• 16. Bernd Bruegge & Allen H. Dutoit Object-Oriented Software Engineering: Using UML, Patterns, and Java 16 Strategy Pattern Context ContextInterface() Strategy AlgorithmInterface * ConcreteStrategyC AlgorithmInterface() ConcreteStrategyB AlgorithmInterface() ConcreteStrategyA AlgorithmInterface() Policy decides which ConcreteStrategy is best in the current Context. Policy
    • 17. Bernd Bruegge & Allen H. Dutoit Object-Oriented Software Engineering: Using UML, Patterns, and Java 17 Using a Strategy Pattern to Decide between Algorithms at Runtime Database SelectSortAlgorithm() Sort() * SortInterface Sort() BubbleSort Sort() QuickSort Sort() MergeSort Sort() Policy TimeIsImportant SpaceIsImportant Client
    • 18. Bernd Bruegge & Allen H. Dutoit Object-Oriented Software Engineering: Using UML, Patterns, and Java 18 Supporting Multiple implementations of a Network Interface NetworkInterface open() close() send() receive() NetworkConnection send() receive() setNetworkInterface() Application Ethernet open() close() send() receive() WaveLAN open() close() send() receive() UMTS open() close() send() receive() LocationManager Context = {Mobile, Home, Office}
    • 19. Bernd Bruegge & Allen H. Dutoit Object-Oriented Software Engineering: Using UML, Patterns, and Java 19 Abstract Factory Pattern Motivation • Consider a user interface toolkit that supports multiple looks and feel standards for different operating systems: • How can you write a single user interface and make it portable across the different look and feel standards for these window managers? • Consider a facility management system for an intelligent house that supports different control systems: • How can you write a single control system that is independent from the manufacturer?
    • 20. Bernd Bruegge & Allen H. Dutoit Object-Oriented Software Engineering: Using UML, Patterns, and Java 20 Abstract Factory Initiation Assocation: Class ConcreteFactory2 initiates the associated classes ProductB2 and ProductA2 AbstractProductA ProductA1 ProductA2 AbstractProductB ProductB1 ProductB2 AbstractFactory CreateProductA CreateProductB Client CreateProductA CreateProductB ConcreteFactory1 CreateProductA CreateProductB ConcreteFactory2
    • 21. Bernd Bruegge & Allen H. Dutoit Object-Oriented Software Engineering: Using UML, Patterns, and Java 21 Applicability for Abstract Factory Pattern • Independence from Initialization or Representation • Manufacturer Independence • Constraints on related products • Cope with upcoming change
    • 22. Bernd Bruegge & Allen H. Dutoit Object-Oriented Software Engineering: Using UML, Patterns, and Java 22 Example: A Facility Management System for a House LightBulb EIBBulb LuxmateBulb Blind EIBBlind LuxmateBlind IntelligentHouse HouseFactory createBulb() createBlind() LuxmateFactoryEIBFactory createBulb() createBlind() createBulb() createBlind()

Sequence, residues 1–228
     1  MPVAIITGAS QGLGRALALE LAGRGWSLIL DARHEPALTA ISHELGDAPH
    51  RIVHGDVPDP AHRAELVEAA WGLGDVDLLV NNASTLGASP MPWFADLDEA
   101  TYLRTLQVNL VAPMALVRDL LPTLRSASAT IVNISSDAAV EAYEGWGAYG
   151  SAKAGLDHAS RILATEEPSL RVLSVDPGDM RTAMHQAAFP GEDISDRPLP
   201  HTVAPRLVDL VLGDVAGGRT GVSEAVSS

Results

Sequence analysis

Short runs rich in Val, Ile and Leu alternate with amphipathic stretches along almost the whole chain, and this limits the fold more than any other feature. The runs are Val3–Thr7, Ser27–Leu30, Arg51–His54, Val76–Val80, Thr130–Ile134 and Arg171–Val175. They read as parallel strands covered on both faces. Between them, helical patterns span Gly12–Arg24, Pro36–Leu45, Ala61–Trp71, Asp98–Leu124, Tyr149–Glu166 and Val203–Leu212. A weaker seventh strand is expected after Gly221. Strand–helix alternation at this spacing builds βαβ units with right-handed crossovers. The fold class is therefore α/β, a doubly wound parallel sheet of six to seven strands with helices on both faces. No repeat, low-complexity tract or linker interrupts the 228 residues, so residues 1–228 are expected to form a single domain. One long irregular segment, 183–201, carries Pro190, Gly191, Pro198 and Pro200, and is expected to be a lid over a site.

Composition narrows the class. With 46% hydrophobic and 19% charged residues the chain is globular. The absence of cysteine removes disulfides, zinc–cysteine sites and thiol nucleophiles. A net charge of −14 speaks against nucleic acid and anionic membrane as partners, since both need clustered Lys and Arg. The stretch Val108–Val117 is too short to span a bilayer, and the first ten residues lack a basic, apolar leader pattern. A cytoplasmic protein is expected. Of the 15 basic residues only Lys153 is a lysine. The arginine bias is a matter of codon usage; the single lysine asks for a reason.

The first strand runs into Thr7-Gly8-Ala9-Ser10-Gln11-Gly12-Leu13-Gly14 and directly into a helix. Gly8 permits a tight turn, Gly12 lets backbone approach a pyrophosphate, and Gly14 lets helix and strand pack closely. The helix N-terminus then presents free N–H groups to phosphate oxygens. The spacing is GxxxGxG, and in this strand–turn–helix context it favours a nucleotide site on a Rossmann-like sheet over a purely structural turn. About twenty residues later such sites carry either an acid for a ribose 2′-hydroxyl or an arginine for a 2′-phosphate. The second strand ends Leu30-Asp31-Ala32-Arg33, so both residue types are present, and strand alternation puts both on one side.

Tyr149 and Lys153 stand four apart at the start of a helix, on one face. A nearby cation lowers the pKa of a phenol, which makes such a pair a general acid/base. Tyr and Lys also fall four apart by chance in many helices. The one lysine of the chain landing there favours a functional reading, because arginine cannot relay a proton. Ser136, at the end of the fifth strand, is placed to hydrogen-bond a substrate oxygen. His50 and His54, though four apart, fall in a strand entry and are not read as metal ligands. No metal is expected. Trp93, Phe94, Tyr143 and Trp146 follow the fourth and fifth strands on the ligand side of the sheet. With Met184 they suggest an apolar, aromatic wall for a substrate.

• 23. Bernd Bruegge & Allen H. Dutoit Object-Oriented Software Engineering: Using UML, Patterns, and Java 23 Applying the Abstract Factory Pattern to Games Game Match TTTMatch ChessMatch ChessTicTacToe createMatch() createStats() Statistics TTTStats ChessStats Tournament createMatch() createStatistics() createMatch() createStats()
    • 24. Bernd Bruegge & Allen H. Dutoit Object-Oriented Software Engineering: Using UML, Patterns, and Java 24 Clues in Nonfunctional Requirements for the Use of Design Patterns • Text: “manufacturer independent”, “device independent”, “must support a family of products” => Abstract Factory Pattern • Text: “must interface with an existing object” => Adapter Pattern • Text: “must interface to several systems, some of them to be developed in the future”, “ an early prototype must be demonstrated” =>Bridge Pattern • Text: “must interface to existing set of objects” => Façade Pattern
    • 25. Bernd Bruegge & Allen H. Dutoit Object-Oriented Software Engineering: Using UML, Patterns, and Java 25 Clues in Nonfunctional Requirements for use of Design Patterns (2) • Text: “complex structure”, “must have variable depth and width” => Composite Pattern • Text: “must be location transparent” => Proxy Pattern • Text: “must be extensible”, “must be scalable” => Observer Pattern • Text: “must provide a policy independent from the mechanism” => Strategy Pattern
    • 26. Bernd Bruegge & Allen H. Dutoit Object-Oriented Software Engineering: Using UML, Patterns, and Java 26 Summary • Composite, Adapter, Bridge, Façade, Proxy (Structural Patterns) • Focus: Composing objects to form larger structures • Realize new functionality from old functionality, • Provide flexibility and extensibility • Command, Observer, Strategy, Template (Behavioral Patterns) • Focus: Algorithms and assignment of responsibilities to objects • Avoid tight coupling to a particular solution • Abstract Factory, Builder (Creational Patterns) • Focus: Creation of complex objects • Hide how complex objects are created and put together
    • 27. Bernd Bruegge & Allen H. Dutoit Object-Oriented Software Engineering: Using UML, Patterns, and Java 27 Conclusion Design patterns • provide solutions to common problems • lead to extensible models and code • can be used as is or as examples of interface inheritance and delegation • apply the same principles to structure and to behavior • Design patterns solve a lot of your software development problems • Pattern-oriented development